Seadrift is a city located on the Texas Gulf Coast with a population of 1,364 people as of the 2010 U.S. Census. In 2012, the city started operating a $610,878 wind turbine, dedicated to its wastewater treatment plant. The city contributed only 3% of the funds for the project, with the balance from state agencies or the state of Texas. The city hoped to save $25,500 yearly using wind energy to displace some of the plant’s electrical demand. The plant’s average load is 0.05 million gallons per day, requiring 236,000 kilowatt-hours (kWh; 8.05×108 British thermal units [BTU]) yearly. From 2012 to 2015, Seadrift saved $15,928 per year, with yearly wind energy production of 155,738 kWh (5.31×108 BTU) and net present value of $211,493 at the city level. Yet, the project’s applicability to other locations is limited. Indeed, when considering the project’s total cost and return, the economic results, driven by a lower than predicted wind speed, are negative. Still, the study serves as a valuable tool to aid government agencies and rural communities in devising alternative and sustainable solutions to water-energy nexus challenges in Texas and beyond.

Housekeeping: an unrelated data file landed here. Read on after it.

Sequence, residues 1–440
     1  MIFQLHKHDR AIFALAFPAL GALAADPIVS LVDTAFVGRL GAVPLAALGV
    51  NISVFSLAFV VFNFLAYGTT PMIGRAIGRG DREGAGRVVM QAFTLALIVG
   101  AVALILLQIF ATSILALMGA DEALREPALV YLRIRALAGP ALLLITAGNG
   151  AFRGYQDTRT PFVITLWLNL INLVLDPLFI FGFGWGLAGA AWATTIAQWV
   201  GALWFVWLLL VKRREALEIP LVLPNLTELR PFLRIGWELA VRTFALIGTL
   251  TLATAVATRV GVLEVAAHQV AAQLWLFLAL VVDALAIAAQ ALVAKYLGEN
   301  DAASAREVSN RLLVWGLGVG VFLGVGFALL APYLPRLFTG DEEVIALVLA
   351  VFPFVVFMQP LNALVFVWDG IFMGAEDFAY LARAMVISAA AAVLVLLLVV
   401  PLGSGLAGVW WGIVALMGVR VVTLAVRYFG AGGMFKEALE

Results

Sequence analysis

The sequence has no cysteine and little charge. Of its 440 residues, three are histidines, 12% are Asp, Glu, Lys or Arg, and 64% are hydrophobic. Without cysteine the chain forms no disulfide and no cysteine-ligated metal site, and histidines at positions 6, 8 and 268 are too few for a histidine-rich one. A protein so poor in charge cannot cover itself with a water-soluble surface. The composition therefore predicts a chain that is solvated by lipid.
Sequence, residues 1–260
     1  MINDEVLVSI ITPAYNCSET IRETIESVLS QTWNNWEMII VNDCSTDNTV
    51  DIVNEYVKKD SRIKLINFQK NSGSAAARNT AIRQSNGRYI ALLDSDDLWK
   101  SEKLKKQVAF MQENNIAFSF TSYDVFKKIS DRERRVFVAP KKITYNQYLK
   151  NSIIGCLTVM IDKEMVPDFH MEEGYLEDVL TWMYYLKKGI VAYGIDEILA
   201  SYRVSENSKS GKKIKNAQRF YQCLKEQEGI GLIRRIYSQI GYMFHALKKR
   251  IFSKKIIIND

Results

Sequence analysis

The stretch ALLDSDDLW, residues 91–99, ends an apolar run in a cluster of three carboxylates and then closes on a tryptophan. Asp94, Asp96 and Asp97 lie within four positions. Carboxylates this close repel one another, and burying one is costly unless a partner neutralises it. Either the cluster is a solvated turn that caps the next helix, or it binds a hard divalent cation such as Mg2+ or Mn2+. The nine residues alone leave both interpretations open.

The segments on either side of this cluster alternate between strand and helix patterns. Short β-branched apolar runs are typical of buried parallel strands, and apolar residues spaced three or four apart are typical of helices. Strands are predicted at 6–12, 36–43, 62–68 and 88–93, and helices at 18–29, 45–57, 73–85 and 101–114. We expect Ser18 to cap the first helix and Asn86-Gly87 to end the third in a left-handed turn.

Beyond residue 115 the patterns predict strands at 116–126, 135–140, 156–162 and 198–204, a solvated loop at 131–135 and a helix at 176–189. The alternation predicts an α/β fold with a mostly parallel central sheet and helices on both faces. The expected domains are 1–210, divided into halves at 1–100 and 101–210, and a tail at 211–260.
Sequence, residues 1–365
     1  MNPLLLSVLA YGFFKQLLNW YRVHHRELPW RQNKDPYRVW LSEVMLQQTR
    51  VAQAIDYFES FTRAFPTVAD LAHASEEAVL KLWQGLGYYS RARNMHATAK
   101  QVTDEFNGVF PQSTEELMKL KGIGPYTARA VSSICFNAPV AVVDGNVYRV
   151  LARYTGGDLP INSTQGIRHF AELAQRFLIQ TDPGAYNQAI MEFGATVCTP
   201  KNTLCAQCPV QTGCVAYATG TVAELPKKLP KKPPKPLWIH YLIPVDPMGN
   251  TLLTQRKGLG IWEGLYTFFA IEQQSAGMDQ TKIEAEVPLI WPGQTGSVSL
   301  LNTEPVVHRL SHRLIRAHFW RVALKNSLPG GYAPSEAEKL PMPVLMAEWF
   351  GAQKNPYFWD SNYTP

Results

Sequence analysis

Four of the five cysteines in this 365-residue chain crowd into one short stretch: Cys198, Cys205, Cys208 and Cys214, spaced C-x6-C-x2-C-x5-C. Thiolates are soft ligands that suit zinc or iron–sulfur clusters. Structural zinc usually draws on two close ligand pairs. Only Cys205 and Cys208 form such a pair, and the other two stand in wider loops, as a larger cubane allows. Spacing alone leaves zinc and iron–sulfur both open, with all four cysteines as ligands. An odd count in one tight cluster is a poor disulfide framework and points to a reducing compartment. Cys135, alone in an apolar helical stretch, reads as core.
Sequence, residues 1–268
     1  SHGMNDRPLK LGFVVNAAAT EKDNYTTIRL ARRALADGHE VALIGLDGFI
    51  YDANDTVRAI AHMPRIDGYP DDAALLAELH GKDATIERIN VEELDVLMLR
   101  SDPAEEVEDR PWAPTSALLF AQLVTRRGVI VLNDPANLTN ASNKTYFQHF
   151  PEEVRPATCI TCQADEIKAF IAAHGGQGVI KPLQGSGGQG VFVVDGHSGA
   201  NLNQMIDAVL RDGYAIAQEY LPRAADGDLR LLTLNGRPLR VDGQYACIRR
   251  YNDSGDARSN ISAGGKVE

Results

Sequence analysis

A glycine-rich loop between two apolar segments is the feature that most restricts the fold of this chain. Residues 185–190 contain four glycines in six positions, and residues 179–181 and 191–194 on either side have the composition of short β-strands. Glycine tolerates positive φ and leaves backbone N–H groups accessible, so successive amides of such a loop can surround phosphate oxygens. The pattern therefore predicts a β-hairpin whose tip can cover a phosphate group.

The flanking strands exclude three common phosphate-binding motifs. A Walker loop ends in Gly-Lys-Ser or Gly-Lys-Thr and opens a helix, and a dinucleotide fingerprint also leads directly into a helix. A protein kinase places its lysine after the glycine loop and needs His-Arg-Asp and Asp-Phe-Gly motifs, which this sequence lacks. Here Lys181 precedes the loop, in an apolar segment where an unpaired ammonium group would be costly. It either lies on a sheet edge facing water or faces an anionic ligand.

© 2021 Ange H. Abena Mbarga, Ken Rainwater, Lianfa Song, Theodore Cleveland, and W. Ross Williams. This work is licensed under the Creative Commons Attribution 4.0 International License. To view a copy of this license, visit https://creativecommons.org/licenses/by/4.0/.Download PDF